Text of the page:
"The words "education" and "entertainment" usually don't belong together. So when we call Oregon Trail, Reading Rabbit, and Math Blaster "edutainment" software, heads start to turn; even more so for Brain Age: Train Your Brain in Minutes a Day!, since (besides the long name) it targets more than children. Brain Age dreams of DS lovers walking down the street playing mental exercises that supposedly improve your practical intelligence. Supervisor and prominent Ja..."
The words "education" and "entertainment" usually don't belong together. So when we call Oregon Trail, Reading Rabbit, and Math Blaster "edutainment" software, heads start to turn; even more so for Brain Age: Train Your Brain in Minutes a Day!, since (besides the long name) it targets more than children. Brain Age dreams of DS lovers walking down the street playing mental exercises that supposedly improve your practical intelligence. Supervisor and prominent Japanese neuroscientist, Dr. Ryuta Kawashima, wants his game to make mental training simple and fun, two adjectives not associated with exercises steeped in academia and psychoanalysis. For a game that only requires basic math, reading, and writing, Brain Age takes a lot of complicated risk, to rather odd results.
Dr. Kawashima's extremely polygonal head guides you through the game, but like an overeager professor, the game begins by force-feeding facts that try to "show that brain training works" but also prevent you from having fun. Flipping screen after screen will lead you to believe that your brain age determines your intelligence. The game takes every opportunity to remind you that your results in training programs are determined by monitoring the activity of your prefrontal cortex. The six-page introduction in the game manual is littered with colored diagrams of the brain's anatomy, functional magnetic resonance imaging, and near-infrared spectroscopy. This pretentiousness sucks some of the joy out of the game, especially when the scientific evidence is not entirely convincing.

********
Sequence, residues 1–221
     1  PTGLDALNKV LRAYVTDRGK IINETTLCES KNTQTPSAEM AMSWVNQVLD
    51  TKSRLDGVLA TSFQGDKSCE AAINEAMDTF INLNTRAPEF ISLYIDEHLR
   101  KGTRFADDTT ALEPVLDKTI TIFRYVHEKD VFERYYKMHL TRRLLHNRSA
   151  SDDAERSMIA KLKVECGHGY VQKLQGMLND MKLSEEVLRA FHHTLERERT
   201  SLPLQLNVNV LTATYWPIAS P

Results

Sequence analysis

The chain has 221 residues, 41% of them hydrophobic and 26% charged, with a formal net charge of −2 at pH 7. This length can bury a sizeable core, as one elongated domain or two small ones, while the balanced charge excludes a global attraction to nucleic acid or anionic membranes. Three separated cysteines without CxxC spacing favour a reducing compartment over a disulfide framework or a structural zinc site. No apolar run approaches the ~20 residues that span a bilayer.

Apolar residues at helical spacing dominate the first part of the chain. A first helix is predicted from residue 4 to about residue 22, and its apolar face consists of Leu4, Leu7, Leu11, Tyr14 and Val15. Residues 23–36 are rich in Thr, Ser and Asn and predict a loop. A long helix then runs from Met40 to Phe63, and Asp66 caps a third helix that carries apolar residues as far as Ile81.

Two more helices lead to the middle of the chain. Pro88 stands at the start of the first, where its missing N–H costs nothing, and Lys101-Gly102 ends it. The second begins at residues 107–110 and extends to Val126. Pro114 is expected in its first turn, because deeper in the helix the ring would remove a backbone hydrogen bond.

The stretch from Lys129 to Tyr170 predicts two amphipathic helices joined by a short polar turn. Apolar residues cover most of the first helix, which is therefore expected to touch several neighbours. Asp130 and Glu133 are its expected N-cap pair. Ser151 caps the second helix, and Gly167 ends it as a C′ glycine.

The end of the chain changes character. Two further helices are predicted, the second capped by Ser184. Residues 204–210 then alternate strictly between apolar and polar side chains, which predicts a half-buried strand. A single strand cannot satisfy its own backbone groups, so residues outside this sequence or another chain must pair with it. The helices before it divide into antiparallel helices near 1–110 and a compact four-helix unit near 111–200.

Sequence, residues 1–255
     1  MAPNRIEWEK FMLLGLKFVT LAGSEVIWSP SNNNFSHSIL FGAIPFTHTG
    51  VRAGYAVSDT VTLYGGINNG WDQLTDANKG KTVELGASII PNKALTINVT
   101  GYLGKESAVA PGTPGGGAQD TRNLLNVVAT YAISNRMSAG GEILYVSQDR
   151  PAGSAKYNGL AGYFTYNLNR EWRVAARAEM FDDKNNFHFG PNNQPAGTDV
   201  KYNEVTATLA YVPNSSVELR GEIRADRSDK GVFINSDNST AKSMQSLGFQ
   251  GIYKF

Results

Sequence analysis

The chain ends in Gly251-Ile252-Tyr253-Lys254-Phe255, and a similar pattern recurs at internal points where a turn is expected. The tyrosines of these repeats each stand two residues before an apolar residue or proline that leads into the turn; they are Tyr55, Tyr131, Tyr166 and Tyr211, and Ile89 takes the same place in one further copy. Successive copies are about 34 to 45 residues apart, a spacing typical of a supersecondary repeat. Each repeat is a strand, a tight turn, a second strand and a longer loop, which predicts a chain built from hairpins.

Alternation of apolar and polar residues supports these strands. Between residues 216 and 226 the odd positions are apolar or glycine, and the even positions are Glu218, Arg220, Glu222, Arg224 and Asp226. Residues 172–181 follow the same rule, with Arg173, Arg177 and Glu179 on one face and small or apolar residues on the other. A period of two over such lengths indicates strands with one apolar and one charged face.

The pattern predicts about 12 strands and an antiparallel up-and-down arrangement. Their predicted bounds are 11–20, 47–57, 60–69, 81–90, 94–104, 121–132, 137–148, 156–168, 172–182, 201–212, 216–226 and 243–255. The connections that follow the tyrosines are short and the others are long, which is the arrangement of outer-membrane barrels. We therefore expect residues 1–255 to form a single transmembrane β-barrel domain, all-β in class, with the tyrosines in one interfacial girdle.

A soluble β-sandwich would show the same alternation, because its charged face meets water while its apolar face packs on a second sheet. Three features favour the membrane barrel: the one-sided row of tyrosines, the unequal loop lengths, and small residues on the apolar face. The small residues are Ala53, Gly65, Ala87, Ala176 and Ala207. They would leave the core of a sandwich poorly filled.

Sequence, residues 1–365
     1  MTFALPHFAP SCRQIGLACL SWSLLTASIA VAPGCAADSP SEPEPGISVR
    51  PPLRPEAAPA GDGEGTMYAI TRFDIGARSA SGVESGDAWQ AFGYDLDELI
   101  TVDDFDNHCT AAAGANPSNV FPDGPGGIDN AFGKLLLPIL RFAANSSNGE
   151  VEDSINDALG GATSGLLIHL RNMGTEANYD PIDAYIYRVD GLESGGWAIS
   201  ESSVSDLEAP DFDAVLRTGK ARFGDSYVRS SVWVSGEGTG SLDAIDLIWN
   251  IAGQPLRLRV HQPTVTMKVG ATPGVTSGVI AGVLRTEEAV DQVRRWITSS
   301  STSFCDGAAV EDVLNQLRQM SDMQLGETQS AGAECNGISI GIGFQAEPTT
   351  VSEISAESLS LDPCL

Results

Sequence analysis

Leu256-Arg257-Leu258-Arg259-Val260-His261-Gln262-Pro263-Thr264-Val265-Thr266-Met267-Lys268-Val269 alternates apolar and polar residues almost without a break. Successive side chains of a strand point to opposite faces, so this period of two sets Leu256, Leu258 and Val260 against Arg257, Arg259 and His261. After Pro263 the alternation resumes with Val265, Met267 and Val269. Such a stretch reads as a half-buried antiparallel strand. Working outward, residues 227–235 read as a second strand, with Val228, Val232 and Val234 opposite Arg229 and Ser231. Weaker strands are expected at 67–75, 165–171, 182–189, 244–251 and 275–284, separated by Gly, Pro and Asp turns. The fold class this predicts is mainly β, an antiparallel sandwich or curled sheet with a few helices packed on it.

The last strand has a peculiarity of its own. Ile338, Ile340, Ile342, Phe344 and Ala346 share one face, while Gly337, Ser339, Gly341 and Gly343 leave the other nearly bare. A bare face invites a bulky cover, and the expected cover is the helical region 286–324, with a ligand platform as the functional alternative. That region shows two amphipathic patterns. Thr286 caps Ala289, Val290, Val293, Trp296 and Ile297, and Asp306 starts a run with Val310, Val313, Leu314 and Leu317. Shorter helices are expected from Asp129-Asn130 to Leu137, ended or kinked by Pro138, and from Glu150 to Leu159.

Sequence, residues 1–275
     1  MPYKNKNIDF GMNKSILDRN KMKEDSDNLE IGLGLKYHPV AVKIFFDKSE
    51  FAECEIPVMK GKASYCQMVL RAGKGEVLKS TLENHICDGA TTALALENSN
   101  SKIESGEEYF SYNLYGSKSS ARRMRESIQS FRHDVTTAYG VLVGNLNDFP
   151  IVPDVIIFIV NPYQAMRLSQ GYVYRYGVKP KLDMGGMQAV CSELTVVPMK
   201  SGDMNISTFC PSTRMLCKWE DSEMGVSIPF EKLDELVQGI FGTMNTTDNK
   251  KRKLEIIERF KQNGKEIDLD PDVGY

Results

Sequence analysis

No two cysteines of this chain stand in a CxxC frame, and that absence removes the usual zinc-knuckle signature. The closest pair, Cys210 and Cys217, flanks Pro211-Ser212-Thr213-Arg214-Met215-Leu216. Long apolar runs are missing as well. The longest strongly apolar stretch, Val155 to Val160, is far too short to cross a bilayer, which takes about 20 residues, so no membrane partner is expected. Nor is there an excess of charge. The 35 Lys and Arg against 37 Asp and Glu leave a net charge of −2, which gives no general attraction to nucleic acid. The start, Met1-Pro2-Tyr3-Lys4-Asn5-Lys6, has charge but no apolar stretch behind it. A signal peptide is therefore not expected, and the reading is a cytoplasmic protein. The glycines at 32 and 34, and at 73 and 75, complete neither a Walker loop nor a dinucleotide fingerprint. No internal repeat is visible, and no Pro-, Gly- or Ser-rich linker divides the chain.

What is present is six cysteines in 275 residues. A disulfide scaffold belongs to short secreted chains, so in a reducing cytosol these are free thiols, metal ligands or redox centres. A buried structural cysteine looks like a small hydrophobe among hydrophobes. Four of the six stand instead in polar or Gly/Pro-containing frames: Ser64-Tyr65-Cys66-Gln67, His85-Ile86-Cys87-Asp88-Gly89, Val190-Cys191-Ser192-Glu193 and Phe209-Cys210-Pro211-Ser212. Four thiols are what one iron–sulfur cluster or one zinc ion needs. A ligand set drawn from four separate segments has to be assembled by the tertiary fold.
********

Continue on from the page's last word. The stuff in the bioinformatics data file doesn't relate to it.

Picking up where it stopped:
Brain Age uses mini-games, like addition and counting, that generally provoke quick reactions to simple operations, but the provided comparisons to other games aren't fair. The introduction shows you four labeled brain diagrams displaying how much Brain C performing simple math problems quickly or Brain D processing words when a book is read aloud has more red-glowing activity than Brain B solving a difficult math problem or Brain A sitting in idle thought. Is that it? What about high-impact fighting games or resource managements in a real-time strategy game? Don't they require quick reactions as well? Furthermore, if your performance is based on the activity of your prefrontal cortex, which is in the front of the brain, why show diagrams of the entire brain? Finally, basing an entity as broad as "brain age" on just academic smarts fails to recognize different kinds of intelligence. Physical and emotional intelligence may not be as readily testable, but it should have been noted that brain age doesn't encompass the breadth of all intelligence.